Chemical treatments, like relaxers and perms, strip the hair which can lead to breakage. Your best defense? Prevention. “Once the hair fiber is compromised, it cannot be fixed or healed, says Bridgette Hill, a trichologist and colorist at Paul Labrecque Salon and Skincare Spa in New York City. “The goal is to first prevent further damage by adjusting the hairstyling habits that created the problem and implementing practices that promote hair health and nourishment to the hair fiber.” The second goal, she says, is to establish a weekly deep treatment routine consistently for four to six weeks.
Her recommendations include both using a pre-treatment — like Philip Kingsley’s Elasticizer— and increased daily moisture. “Pre-treat the hair fiber by applying a protein treatment to dry, dirty hair before your shampoo, like a detoxifying oil or mask,” she says.
Then, comb all of the product through and wrap it up in a low bun while you sleep. “This allows the hair to absorb the needed protein that will aid in strengthening the hair fiber, as well as providing the foundation for all of the moisturizing elements from the shampoo and conditioner, to properly adhere to the hair for maximum efficacy,” says Hill.
Another route that can help: Products that create bonds with the proteins in the hair, to reinforce the cuticle during the process. “This protects the cuticle from too much stress which leads to damage,” explains Wilson. Try Olaplex No. 3 Hair Perfector, an at-home bond-building treatment.
Keeping your hair hydrated is equally important. “Make sure to add daily moisture in small amounts, applied liberally to the damaged area and conservatively throughout,” Hill explains. “Moisture on the ends of the hair fiber will not weigh it down or make it greasy if it’s used properly and designed for your specific hair type and texture. For example, finer hair textures may consider using water-based leave-in conditioning sprays.” Giovanni Direct Leave-In Weightless Moisture Conditioner is a good option.
A dependence on hot tools for your daily routine can reveal itself in multiple ways. “Heat opens the cuticles, allowing the hair to dry and shape when you are blow-drying or curling your hair,” Nation explains. “Too much can damage it, though — so using a heat protectantis necessary every time.” New York City-based trichologist Sophia Emmanuel adds that, “your heat-protecting product should protect styling up to 450 degrees.”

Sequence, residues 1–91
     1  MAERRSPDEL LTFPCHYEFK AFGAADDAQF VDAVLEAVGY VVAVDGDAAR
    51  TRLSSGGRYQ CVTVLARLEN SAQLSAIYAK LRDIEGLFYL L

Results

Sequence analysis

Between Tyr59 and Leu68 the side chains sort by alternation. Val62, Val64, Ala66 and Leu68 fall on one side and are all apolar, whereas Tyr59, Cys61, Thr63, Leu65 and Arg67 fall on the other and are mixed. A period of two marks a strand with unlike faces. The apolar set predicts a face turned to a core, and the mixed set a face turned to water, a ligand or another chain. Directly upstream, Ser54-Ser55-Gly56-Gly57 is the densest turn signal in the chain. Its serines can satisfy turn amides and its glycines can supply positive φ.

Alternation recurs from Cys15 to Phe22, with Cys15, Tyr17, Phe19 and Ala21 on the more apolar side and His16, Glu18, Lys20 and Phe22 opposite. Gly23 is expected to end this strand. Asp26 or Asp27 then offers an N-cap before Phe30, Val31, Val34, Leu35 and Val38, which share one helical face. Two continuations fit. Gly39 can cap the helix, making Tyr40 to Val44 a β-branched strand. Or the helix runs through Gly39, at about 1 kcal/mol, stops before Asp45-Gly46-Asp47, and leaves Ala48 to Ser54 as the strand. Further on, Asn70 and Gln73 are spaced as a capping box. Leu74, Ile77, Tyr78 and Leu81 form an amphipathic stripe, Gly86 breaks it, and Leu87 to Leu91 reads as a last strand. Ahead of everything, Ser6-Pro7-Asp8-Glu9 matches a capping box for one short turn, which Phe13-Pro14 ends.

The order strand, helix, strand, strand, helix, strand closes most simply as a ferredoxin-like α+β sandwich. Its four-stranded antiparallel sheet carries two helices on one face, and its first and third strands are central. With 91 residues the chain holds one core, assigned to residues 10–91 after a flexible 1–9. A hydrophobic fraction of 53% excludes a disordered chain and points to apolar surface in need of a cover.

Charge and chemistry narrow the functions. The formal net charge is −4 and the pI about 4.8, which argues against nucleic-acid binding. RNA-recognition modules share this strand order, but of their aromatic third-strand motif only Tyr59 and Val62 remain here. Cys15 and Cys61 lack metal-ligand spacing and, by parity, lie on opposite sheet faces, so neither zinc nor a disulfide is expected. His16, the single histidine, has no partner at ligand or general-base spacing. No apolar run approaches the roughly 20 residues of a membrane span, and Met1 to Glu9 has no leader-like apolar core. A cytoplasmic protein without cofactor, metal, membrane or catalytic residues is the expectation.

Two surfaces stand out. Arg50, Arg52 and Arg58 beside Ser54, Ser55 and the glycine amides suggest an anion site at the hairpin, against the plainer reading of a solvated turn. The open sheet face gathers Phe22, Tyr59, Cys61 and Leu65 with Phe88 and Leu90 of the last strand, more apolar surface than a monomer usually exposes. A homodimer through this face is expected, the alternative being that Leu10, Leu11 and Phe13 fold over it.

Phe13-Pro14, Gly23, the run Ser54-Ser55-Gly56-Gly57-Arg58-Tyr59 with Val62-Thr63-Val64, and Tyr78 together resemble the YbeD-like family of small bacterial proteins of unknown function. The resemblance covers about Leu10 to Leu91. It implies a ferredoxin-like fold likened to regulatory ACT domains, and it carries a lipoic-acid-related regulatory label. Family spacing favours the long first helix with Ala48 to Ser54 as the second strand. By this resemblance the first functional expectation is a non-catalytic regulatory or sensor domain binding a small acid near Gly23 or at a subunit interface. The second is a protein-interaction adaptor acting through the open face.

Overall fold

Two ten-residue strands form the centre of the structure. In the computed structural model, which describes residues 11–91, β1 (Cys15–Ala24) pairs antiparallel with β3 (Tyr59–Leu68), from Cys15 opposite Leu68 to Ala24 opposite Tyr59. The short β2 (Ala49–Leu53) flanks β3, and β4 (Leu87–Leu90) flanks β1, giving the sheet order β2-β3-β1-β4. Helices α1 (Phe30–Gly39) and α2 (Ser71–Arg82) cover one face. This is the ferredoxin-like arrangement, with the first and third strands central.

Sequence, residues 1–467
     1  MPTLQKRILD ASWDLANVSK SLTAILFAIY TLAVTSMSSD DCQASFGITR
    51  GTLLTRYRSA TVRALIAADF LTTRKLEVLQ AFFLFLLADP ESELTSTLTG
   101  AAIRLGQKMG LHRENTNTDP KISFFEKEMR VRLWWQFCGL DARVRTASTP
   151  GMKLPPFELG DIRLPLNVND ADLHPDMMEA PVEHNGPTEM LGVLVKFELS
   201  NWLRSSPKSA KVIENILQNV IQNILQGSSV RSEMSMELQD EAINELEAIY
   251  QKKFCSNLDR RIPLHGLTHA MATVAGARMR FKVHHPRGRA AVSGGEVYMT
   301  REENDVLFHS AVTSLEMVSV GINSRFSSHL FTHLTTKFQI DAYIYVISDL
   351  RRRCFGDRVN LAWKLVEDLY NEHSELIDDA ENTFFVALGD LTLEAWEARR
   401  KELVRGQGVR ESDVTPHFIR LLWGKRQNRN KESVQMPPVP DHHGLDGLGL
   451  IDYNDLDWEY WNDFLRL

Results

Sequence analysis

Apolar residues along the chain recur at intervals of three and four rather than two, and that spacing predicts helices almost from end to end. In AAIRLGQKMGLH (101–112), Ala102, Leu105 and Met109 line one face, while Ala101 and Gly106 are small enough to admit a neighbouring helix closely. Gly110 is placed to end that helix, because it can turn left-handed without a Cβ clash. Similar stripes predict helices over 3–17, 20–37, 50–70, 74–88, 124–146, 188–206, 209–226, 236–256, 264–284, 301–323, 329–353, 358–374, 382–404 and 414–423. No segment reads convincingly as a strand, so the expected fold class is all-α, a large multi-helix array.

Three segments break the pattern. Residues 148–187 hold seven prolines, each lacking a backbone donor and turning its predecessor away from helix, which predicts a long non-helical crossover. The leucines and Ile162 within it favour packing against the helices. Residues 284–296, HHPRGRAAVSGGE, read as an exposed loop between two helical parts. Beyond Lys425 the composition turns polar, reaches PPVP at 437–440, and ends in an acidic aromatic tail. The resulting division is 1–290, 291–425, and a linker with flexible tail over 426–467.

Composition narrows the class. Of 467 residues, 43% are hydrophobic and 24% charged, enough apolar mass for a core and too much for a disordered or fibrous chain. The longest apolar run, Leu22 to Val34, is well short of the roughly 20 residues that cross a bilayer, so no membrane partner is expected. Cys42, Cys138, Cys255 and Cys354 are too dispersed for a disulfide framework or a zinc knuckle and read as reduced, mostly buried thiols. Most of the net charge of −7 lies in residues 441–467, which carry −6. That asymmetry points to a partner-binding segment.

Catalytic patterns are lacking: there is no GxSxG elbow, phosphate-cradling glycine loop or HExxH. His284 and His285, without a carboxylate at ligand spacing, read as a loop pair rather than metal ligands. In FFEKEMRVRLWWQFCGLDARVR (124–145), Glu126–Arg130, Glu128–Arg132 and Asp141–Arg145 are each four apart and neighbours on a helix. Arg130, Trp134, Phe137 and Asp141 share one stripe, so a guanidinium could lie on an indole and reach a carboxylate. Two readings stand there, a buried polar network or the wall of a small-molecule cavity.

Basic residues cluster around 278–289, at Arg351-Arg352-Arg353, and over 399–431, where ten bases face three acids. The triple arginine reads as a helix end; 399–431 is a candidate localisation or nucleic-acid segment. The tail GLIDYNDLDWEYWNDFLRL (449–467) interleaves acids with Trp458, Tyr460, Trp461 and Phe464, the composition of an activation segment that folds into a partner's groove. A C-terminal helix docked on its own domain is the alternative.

Other ways to prevent heat damage, according to Emmanuel, is to use a heat setting appropriate for your hair texture, avoid applying heat on dirty hair, and try not to use heat every day. “A product for thermal protection would have ingredients that are either activated by heat to protect strands or can provide a protective covering around hair strands to prevent direct heat from inflicting damage,” explains Wilson.
Thinning or Hair Loss
Lots of different things can cause thinning and hair loss, including damage to the hair. Are thinning and hair loss one and the same? According to the pros, not exactly. “When a patient refers to thinning, they’re usually noticing less hair, thinner ponytails, a visibly wider part, and more of their scalp showing. When referring to hair loss they usually report noticeable increase of shedding,” explains Francesca Fusco, a board-certified dermatologist and assistant clinical professor of dermatology at Mount Sinai in New York City.
And since these are different issues, they likely have different causes. “Thinning of the individual hair shaft with no visible shedding is referred to as ‘miniaturization’ and is seen in female pattern thinning, also known as androgenetic alopecia,” says Fusco. “Hair loss is caused by dozens of things that can include underlying endocrine [hormone] issues, stress, medication, post partum, dandruff, psoriasis, autoimmune diseases, nutritional deficiencies, allergic reactions, and more.”
Braids and tight ponytails can lead to loss, too. “Pulling at the hair, or causing traction, can weaken the hair and follicle, contributing to hair loss,” says Fusco. Take a break from taut styles to reduce tension and preserve the root.
If you’re experiencing hair loss, Fusco recommends booking an appointment with your dermatologist. “Your dermatologist may recommend a range of treatments that include supplements, topical agents like minoxidil, low-level light therapy like HairMax, and platelet-rich plasma therapy.”